BioWorld International Correspondent
PARIS - Genome Express is developing a platform for the sequencing and annotation of bacterial genomes and plans to offer a "one-stop-shop" service to the health care, agro-food and environmental industries.
Genome Express supplies products and services to support functional genomics and pharmacogenomics research.
It expects to deliver its first such genome, for the Oenicoccus Oeni bacterium, by mid-2002. It is sequencing and annotating the bacterium in collaboration with the French National Institute for Agronomic Research (INRA), and has received a grant of EUR1 million (US$910,000) from the French National Research Promotion Agency (Anvar) to help finance the project.
INRA selected the bacterium, which is involved in the fermentation of wine, but which could have wider applications because it has the characteristic of being resistant to acid, Genome Express's communications manager, Françoise Laurent, told BioWorld International. She pointed out that customers could ask Genome Express to map the bacterium of their choice and that the contractual terms would depend on the complexity of the organism, adding that it took an average of six months to complete the sequencing and annotation of a bacterium.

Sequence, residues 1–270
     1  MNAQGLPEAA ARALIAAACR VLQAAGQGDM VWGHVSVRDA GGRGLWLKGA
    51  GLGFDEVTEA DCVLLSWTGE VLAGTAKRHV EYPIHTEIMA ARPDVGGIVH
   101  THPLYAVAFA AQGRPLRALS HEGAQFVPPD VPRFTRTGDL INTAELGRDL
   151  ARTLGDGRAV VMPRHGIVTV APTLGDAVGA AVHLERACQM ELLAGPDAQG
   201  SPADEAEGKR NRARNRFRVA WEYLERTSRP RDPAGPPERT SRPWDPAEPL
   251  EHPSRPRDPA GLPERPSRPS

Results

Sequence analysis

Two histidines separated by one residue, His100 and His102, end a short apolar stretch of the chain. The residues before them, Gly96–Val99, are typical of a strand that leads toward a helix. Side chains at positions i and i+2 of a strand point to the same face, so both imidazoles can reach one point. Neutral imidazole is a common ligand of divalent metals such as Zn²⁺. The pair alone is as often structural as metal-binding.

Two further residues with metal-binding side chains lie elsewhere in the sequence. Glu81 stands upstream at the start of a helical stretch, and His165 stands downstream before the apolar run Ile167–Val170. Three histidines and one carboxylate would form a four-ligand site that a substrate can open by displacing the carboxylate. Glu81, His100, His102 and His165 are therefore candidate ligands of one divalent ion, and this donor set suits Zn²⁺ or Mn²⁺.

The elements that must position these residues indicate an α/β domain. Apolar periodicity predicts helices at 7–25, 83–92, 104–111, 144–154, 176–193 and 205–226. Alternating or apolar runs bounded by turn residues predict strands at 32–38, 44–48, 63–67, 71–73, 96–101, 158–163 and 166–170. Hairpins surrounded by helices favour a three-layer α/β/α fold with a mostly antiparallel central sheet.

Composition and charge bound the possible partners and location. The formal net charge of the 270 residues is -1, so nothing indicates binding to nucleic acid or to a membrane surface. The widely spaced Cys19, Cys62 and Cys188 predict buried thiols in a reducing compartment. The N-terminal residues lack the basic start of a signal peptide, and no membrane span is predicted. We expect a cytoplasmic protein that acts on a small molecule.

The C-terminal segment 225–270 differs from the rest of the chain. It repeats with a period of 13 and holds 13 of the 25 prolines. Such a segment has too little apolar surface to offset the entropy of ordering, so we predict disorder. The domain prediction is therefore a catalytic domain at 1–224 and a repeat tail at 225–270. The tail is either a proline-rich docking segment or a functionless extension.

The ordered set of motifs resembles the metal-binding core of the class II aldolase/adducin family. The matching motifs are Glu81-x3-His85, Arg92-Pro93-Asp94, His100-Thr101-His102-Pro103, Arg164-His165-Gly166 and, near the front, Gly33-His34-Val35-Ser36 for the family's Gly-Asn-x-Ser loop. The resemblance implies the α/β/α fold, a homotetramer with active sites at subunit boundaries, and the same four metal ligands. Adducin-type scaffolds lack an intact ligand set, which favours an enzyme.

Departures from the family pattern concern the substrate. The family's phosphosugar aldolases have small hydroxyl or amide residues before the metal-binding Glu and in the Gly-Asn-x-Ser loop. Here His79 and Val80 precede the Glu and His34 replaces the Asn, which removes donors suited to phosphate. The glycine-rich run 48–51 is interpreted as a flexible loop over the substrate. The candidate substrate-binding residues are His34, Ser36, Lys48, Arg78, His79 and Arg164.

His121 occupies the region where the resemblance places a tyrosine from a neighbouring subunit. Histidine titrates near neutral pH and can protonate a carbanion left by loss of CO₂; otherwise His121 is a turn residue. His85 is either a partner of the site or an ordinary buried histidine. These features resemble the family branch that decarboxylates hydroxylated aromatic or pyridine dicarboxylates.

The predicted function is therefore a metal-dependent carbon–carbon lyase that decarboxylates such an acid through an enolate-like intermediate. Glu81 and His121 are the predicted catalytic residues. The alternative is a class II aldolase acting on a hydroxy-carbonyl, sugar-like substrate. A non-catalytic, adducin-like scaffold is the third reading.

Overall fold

The company, which is based near Grenoble, said it is France's leading custom DNA sequencing specialist and is drawing on both its sequencing and bioinformatics expertise for this service. CEO Yves Laurent said its customers would be able to obtain "not only basic sequence information but also access to qualified and annotated sequences, as well as genes of special interest." The ultimate objective is to "accelerate time to discovery and to enable customers to develop and bring to market new therapeutics and processes," he added.
Genome Express also has drawn on the bioinformatics platform developed by the GenoStar public-private consortium, of which it is a member.